The aggregate deficit of UK defined benefit (DB) schemes surged to £135.9 billion in March, up from £124.6 billion at the end of February, latest PPF data reveals.
At the start of 2020 the aggregate deficit figure stood at just £10.9 billion.
Aggregate asset values plummeted from £1,720.9 billion in February to £1,680.5 billion in March.
A fall in the value of liabilities over the same period, from £1,845.5 billion to £1,816.4 billion, helped mitigate the impact.
Tom Selby, senior analyst at AJ Bell, comments: “As the coronavirus shutdown has forced economies around the world to hibernate and central banks to launch fresh stimulus packages, defined benefit schemes were always likely to be caught in the firing line.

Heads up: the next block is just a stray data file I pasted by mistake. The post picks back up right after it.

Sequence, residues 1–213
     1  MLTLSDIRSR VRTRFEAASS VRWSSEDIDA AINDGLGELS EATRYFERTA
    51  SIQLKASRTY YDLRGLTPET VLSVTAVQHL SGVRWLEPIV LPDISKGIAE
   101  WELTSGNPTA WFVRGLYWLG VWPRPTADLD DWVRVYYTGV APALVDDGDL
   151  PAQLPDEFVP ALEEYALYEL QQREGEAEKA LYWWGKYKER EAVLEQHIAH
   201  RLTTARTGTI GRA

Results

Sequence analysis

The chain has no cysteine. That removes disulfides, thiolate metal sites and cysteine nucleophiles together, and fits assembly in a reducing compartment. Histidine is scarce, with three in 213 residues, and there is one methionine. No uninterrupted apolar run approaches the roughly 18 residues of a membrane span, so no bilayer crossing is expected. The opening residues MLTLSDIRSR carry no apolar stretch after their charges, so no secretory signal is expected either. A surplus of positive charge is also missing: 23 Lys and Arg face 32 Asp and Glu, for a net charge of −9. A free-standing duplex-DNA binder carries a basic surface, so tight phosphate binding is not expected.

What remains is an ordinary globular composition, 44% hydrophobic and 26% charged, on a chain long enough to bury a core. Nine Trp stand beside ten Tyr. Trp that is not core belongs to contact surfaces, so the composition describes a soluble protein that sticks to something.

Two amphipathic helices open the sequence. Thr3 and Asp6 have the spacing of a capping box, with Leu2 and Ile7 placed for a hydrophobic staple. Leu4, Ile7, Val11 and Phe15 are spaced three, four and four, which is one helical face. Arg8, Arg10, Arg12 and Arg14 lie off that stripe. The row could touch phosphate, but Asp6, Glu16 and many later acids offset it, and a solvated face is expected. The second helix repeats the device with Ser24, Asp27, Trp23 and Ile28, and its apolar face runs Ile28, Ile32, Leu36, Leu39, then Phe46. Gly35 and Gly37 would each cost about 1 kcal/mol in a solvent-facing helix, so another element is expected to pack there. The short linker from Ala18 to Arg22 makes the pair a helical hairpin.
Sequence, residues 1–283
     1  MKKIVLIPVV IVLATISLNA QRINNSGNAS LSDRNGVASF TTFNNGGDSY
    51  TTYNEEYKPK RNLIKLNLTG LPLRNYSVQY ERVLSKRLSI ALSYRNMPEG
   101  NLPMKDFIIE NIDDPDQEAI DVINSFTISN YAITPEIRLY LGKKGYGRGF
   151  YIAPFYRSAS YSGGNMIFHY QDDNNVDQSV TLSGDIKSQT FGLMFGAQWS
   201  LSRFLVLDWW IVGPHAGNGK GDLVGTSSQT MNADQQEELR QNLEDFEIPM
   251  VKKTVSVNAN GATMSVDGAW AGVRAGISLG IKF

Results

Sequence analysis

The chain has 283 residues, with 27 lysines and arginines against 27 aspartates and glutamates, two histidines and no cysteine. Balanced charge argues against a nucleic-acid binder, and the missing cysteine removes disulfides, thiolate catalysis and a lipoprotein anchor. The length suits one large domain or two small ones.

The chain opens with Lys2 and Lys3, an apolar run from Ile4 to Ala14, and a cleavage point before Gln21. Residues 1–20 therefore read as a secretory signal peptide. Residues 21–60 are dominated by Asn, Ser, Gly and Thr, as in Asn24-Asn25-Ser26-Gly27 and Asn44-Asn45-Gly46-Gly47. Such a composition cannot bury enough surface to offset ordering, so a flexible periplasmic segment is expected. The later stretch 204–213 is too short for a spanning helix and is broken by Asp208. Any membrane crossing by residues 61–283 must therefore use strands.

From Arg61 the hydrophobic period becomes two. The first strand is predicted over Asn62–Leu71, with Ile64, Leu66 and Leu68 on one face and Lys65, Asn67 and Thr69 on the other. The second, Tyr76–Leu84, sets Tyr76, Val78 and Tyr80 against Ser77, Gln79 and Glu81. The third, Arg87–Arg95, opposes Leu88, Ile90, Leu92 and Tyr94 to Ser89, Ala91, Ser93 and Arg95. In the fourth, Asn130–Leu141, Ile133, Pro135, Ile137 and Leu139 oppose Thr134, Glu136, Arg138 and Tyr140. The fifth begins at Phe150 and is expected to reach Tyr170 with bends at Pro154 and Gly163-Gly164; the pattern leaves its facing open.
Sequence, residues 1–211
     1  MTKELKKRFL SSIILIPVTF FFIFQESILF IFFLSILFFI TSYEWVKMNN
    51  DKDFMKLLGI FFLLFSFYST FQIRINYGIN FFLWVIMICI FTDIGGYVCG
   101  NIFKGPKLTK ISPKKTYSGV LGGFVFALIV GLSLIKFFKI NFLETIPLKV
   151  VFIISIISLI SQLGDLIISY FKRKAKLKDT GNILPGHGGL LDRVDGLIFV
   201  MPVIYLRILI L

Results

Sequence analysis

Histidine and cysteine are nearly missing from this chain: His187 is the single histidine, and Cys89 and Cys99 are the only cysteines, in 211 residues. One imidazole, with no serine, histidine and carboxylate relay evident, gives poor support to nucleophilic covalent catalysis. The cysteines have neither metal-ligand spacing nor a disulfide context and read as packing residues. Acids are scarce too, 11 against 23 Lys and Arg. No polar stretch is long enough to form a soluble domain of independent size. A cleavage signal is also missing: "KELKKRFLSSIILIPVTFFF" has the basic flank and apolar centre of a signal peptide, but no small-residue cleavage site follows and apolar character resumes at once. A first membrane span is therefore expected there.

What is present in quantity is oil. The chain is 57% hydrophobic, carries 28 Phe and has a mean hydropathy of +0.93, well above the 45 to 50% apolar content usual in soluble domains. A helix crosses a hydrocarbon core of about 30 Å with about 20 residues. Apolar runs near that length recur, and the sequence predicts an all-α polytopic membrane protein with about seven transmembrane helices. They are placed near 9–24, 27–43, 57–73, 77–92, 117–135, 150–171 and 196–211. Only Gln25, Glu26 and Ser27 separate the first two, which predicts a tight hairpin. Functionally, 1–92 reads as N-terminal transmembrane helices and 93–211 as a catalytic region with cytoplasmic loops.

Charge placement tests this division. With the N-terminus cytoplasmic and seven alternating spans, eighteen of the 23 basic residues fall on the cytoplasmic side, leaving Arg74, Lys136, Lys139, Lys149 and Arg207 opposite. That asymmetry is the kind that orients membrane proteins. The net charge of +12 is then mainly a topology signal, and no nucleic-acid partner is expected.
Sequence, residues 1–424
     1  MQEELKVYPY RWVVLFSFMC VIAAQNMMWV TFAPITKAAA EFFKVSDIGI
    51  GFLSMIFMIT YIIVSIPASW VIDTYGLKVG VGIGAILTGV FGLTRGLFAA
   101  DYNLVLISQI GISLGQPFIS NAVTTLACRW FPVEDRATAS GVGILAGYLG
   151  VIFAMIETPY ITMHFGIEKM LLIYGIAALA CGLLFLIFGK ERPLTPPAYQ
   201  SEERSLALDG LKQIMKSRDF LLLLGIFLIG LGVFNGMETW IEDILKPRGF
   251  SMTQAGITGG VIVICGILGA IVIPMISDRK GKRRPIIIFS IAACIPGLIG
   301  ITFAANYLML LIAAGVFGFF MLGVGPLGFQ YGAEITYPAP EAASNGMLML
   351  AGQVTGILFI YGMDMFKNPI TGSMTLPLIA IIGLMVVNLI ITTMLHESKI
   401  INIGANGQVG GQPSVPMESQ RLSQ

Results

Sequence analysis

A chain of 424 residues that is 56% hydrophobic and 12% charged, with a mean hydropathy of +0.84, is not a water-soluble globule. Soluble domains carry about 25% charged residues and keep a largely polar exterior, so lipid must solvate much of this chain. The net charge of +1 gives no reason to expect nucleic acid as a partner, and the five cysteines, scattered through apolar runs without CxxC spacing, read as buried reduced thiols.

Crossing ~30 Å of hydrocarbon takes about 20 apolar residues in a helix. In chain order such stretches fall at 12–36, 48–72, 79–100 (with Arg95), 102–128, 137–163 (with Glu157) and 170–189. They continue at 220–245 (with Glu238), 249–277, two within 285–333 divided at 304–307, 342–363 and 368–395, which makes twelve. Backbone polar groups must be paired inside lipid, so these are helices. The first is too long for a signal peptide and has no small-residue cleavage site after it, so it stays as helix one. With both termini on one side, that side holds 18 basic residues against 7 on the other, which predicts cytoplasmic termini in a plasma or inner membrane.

“Today’s figures demonstrate yet another grim reality of the current crisis, with the total deficit of schemes in the UK rising by over £10 billion in March. Since the start of the year, the aggregate deficit figure has surged by over £100 billion.
“The combined deficit of DB schemes in deficit is now a staggering £254.1 billion, up from £244.8 billion at the end of February.
“While such figures may understandably give the members of DB schemes the jitters, it’s worth remembering the most important thing in most cases is not the value of any deficit today but the ability of an employer to survive long enough to pay your pension both now and in the future.
“Furthermore, DB schemes benefit from the safety net of the Pension Protection Fund (PPF), so even if the scheme sponsor faces liquidation you should still get a significant chunk of the pension you were promised.
“From a company perspective, bigger DB deficits are a problem because they could threaten to divert cash that would otherwise be used to fund growth plans and reward shareholders.”
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